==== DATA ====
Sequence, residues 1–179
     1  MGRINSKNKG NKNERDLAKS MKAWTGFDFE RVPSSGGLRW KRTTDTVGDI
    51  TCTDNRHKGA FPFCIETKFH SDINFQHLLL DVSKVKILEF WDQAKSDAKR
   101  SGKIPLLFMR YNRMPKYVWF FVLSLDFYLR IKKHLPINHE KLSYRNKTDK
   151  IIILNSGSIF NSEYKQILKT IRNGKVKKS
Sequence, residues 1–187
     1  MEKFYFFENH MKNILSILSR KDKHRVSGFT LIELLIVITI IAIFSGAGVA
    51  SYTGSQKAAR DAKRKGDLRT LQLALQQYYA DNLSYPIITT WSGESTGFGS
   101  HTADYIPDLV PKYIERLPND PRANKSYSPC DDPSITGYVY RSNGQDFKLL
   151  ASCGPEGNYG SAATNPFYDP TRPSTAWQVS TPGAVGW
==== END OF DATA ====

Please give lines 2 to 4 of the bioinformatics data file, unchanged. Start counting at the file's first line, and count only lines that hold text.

     1  MGRINSKNKG NKNERDLAKS MKAWTGFDFE RVPSSGGLRW KRTTDTVGDI
    51  TCTDNRHKGA FPFCIETKFH SDINFQHLLL DVSKVKILEF WDQAKSDAKR
   101  SGKIPLLFMR YNRMPKYVWF FVLSLDFYLR IKKHLPINHE KLSYRNKTDK